The City Council recently voted to authorize a contract to perform a mitigated negative declaration for its sewage treatment/reclamation plant on the golf course. It will be using up almost all of the rest of the $800,000 already budgeted for this project (not including the $4 million separately authorized to connect the sewage line from the Navy Coastal Campus to the City, principally to have enough sewage to make the plant feasible). Before voting, Council heard that of the 27 other municipalities which had proposed the same project, all realized that they were legally obligated to perform a complete Environmental Impact Report (EIR) in order to be compliant with California’s environmental law, CEQA.

Without identifying a single site-specific reason exempting Coronado from complying, Council voted to proceed without doing a full environmental analysis. Amazingly, the City Manager replied that it is common for a City to be sued if it does a negative declaration, and common to be sued if it does an EIR, so why spend money on doing the full analysis to comply with the law. Implicitly the City concluded that it had no significant environmental concerns requiring a full analysis.

This is difficult to understand, given that unlike any of the other 27 projects, Coronado’s proposed project will be sited crossing one major geologic fault, and lying atop a second, each capable of producing a major earthquake. These concerns caused the Hotel del and San Diego’s Seaport Village to completely change their planned construction to avoid the same faults. The City admitted they had not considered this issue. The City’s Feasibility Study concluded that the sandy fill material under the proposed project site would be “susceptible to both liquefaction and amplified shaking in the event of a nearby earthquake.” These are exactly the types of problems that an EIR review helps a community to either avoid a problematic site, or to anticipate greatly increased construction costs to mitigate impacts, as San Diego realized when it prepared an EIR for its water reclamation project last year. Coronado does not deny the inevitable sea level rise and projected inundation during the life of the project, the obnoxious odors that result from any sewage treatment plant, nor the floodplain designation which would make the City’s planned use of low cost construction loans doubtful if they fail to perform an enhanced environmental review. If you read last week’s article in the Eagle, you also know about the scenic vista of the Bay from Glorietta Boulevard that would be blocked for residents, tourists, and golfers according to the Feasibility Report.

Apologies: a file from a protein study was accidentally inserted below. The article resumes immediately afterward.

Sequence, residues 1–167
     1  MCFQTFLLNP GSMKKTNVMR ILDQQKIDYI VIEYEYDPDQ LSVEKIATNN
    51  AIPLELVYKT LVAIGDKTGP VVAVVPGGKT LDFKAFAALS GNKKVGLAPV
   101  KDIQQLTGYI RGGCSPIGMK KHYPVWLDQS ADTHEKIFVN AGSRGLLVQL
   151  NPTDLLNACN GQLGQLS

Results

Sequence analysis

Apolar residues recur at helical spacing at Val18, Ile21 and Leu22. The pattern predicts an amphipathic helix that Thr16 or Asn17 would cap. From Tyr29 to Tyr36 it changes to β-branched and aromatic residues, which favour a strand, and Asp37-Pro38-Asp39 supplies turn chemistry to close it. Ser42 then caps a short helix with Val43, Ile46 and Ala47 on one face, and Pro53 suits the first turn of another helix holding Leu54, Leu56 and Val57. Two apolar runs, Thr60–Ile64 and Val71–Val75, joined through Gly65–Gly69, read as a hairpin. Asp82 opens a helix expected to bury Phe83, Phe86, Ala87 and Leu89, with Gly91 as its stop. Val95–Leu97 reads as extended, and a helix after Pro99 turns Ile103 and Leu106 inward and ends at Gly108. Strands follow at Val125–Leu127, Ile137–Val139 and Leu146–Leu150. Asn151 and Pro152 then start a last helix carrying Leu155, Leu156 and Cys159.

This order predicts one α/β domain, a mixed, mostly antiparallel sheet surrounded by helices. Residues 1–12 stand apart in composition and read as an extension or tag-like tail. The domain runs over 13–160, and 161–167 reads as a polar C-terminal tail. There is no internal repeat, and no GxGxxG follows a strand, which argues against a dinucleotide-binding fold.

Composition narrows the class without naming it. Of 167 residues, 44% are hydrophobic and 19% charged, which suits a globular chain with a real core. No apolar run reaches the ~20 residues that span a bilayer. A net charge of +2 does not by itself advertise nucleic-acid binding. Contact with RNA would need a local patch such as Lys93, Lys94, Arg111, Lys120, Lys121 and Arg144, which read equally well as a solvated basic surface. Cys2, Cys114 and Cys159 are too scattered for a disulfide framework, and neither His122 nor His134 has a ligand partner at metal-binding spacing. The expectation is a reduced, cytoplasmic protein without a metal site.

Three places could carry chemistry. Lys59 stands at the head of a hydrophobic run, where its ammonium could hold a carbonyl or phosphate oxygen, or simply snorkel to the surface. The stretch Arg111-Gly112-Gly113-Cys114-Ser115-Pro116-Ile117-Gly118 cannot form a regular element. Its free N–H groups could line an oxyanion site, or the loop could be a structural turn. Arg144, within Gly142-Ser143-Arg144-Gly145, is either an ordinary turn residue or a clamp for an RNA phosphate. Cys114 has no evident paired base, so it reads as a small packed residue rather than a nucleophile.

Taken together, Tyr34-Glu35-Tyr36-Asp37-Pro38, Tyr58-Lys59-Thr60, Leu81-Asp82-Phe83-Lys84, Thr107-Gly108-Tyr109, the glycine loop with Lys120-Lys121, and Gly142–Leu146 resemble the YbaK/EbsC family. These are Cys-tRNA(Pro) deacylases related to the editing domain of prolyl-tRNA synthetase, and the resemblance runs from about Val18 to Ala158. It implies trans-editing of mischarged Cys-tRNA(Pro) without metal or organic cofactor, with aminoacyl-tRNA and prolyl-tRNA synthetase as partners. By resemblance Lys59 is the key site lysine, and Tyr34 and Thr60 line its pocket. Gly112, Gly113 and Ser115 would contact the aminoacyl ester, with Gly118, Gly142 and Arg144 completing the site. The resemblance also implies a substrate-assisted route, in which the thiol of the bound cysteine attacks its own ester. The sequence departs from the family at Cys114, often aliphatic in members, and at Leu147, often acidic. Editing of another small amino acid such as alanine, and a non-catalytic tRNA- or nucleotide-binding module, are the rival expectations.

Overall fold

One major problem the City is trying to avoid is having to document whether there are reasonable alternatives to the project, as would be required under a full EIR. Under the law, a project may not be approved if feasible alternatives or mitigation measures are able to substantially lessen the significant environmental effects of the project. This is exactly the type of analysis that the City is seeking to avoid by taking an illegal shortcut in its environmental documentation. An EIR would require considerations which would mitigate the expected impacts resulting from the above issues. In addition, the EIR would require an explanation why the City did not consider alternatives, such as the pumping water from the very significant San Diego Formation aquifer underlying Coronado which the City’s 2011 water feasibility study recommended exploring. San Diego explored that option, and built a major water reclamation pumping station in Chula Vista which has the potential of producing 10 million gallons per day of water.

Our taxpayers deserve more responsibility from our Council.

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